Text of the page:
Historum - History Forums  

Go Back   Historum - History Forums > World History Forum > Ancient History
Register Forums Blogs Social Groups Mark Forums Read

Ancient History Ancient History Forum - Greece, Rome, Carthage, Egypt, Mesopotamia, and all other civilizations of antiquity, to include Prehistory and Archaeology discussions


Reply
 
LinkBack Thread Tools Display Modes
Old September 27th, 2012, 01:10 AM   #11

ib-issi's Avatar
>>Its Just Passing Time<<
 
Joined: Mar 2011
From: just sitting here
Posts: 3,005

If you are going to invent a language you are going to have your hieroglyph starting with the same sound as the letter you want to portray , if owl is m , then they did not call it an owl , what was the ancient egyptian for owl , and did it start with the m sound ? if not it is probably wrong , or is it a kestrel instead of an owl , and what did they call a kestrel ? the water sign looks like it has waves so was probably the sea , did the phoenicians call the sea mem ?

the sign for samech looks very much like the 2nd sign underneath it for he ,but the first looks like hey ,samech is shamesh , which is the sun, so you would expect this letter to correspond to the sound of their word for sun,

Kaph looks in both like a hand held up in the sign of friendship , or peace, did they have a word for hand , peace , or friend that began with the sound k
ib-issi is offline  
Remove Ads
Old September 27th, 2012, 01:49 AM   #12
Historian
 
Joined: Jan 2012
From: Northern part of European lowland
Posts: 1,179

Quote:
Originally Posted by Barbarossa View Post
I wonder what about all the many other scripts that show little resemblance to being a part of a chain stretching to ancient Egypt. What about the Germanic runes, Indian sub-continent scripts, Central Asian scripts, Georgian, Armenian and others.
Though not at all any runologist I can hardly see runes could have developed completely independent of some alfabet, most likely the latin. There is too many similarities it could be any "accident". Many runes has similarities with "corresponding" latin letters, and even the numbers indicate that. Even the time of the first known runes seems to fit well with a "roman inspired" origin - about 150 CE - when the roman emperors were most powerful. Could perhaps some litterate (in latin - or greek) mercenaries in the roman army have decided to make their own version adapted to their first language?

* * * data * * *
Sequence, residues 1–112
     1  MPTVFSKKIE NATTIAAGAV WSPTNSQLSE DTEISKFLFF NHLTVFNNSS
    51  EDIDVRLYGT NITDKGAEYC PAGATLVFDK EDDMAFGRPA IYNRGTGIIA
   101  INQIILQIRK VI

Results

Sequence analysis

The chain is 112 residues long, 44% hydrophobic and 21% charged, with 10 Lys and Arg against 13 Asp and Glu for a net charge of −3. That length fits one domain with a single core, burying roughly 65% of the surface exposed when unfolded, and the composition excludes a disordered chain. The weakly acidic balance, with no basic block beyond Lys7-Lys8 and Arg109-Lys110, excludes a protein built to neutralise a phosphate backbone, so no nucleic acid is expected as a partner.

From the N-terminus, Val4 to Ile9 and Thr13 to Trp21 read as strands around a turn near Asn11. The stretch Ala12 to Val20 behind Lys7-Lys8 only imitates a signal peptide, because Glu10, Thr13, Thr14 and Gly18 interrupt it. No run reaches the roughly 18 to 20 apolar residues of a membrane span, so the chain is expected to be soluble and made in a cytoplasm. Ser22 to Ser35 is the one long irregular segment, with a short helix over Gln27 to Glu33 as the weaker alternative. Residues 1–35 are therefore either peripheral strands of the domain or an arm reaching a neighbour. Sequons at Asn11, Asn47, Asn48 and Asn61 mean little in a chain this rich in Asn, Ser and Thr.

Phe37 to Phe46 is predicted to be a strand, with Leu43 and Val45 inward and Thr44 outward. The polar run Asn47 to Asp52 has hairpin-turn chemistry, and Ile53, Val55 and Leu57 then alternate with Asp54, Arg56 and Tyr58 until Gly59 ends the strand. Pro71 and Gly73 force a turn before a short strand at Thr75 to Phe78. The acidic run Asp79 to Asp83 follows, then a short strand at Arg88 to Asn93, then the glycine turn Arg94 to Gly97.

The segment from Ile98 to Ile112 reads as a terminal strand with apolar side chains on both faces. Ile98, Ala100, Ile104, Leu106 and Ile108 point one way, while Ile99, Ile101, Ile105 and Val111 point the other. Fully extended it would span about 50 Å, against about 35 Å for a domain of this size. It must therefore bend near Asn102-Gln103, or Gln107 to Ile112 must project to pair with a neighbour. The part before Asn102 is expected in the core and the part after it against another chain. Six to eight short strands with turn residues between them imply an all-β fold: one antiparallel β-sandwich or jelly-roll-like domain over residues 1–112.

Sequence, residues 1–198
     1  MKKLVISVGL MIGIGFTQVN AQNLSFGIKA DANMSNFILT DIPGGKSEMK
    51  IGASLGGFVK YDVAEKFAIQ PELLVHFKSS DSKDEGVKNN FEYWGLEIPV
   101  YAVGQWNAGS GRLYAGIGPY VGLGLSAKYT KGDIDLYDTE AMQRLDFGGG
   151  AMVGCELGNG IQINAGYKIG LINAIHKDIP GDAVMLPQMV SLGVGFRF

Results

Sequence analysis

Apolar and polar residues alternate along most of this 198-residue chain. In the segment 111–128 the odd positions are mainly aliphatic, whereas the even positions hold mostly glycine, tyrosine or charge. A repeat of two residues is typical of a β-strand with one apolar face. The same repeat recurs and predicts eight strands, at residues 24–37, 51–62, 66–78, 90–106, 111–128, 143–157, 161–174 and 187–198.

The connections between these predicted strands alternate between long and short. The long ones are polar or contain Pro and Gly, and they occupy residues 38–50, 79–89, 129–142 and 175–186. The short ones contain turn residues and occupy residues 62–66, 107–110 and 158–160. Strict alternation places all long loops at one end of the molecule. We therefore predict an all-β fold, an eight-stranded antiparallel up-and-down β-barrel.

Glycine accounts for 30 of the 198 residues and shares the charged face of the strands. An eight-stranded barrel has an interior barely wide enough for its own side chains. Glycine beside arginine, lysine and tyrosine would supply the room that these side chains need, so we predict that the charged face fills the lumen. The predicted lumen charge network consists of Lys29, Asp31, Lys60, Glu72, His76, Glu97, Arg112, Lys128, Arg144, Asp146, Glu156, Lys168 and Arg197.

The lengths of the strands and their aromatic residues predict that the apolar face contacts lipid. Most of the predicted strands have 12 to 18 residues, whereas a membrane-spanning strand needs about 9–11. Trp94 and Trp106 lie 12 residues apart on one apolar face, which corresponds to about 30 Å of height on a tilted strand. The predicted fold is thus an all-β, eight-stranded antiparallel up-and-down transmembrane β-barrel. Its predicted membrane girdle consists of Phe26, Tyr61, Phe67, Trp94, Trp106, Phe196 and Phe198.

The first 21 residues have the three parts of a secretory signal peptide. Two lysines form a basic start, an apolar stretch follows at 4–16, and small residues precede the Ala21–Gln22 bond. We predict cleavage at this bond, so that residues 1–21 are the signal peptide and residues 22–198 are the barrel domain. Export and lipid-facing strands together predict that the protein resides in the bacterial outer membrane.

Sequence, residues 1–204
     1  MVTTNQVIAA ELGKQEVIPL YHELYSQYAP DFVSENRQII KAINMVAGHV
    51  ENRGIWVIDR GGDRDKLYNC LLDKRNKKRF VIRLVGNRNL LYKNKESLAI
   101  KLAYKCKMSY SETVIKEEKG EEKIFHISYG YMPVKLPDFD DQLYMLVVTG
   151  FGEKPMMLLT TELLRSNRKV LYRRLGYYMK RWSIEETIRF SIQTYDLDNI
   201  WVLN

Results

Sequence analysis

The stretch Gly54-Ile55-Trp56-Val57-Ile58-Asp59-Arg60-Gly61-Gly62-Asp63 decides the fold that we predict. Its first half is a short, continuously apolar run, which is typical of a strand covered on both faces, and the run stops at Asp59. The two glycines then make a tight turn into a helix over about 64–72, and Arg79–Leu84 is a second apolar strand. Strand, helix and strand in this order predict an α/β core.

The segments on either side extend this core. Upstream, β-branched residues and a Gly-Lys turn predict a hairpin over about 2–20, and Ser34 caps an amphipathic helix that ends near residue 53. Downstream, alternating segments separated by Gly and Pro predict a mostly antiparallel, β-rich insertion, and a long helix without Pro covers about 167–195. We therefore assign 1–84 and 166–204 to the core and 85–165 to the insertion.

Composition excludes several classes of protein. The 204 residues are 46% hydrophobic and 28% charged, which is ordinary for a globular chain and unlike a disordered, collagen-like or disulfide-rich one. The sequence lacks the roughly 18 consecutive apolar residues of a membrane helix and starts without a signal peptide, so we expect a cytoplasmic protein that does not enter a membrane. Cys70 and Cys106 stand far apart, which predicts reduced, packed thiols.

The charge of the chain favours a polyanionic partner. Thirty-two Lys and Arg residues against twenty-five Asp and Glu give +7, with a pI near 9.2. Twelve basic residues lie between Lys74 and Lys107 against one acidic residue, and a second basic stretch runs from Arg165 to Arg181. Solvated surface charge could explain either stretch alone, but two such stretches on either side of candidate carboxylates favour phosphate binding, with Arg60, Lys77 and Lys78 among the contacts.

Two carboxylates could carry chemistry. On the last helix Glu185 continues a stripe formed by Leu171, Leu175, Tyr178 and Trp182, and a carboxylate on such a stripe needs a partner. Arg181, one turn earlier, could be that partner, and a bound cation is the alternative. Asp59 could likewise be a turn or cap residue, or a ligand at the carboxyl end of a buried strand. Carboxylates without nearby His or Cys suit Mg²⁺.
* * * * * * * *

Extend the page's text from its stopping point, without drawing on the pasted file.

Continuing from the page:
Fantasus is offline  
Old September 27th, 2012, 05:48 AM   #13

Barbarossa's Avatar
Scholar
 
Joined: Feb 2012
From: Iudaea
Posts: 631

Quote:
Originally Posted by Fantasus View Post
Though not at all any runologist I can hardly see runes could have developed completely independent of some alfabet, most likely the latin. There is too many similarities it could be any "accident". Many runes has similarities with "corresponding" latin letters, and even the numbers indicate that. Even the time of the first known runes seems to fit well with a "roman inspired" origin - about 150 CE - when the roman emperors were most powerful. Could perhaps some litterate (in latin - or greek) mercenaries in the roman army have decided to make their own version adapted to their first language?
I too have noticed it, Germanic runes do look very similar. I read somewhere (most likely in Wikipedia) that the Raetic tribes living in the Alpine regions of Northern Italy adopted the Etruscan alphabet (burrowed from the Greek in the 7th century BCE), and in turn some East Germanic tribes living in North Illyria burrowed from the Raetic alphabet in the 2nd century BCE. As time passed other Germanic tribes had been influenced by the Etruscan-Raetic-North Illyrian inscriptions stumbled upon along the Danube and the earliest runes were constructed from those influences.

The Runes definitely were inspired and influenced by some of the Etruscan derived alphabets of the Alpine and Trans-Alpine regions. Though it's not a complete letter by letter rendition.

Also the Devanagari script of India was derived from Gupta script, itself derived from Brahmi script, which was influenced by several Iranian scripts that were direct descendants of the Aramaic alphabet.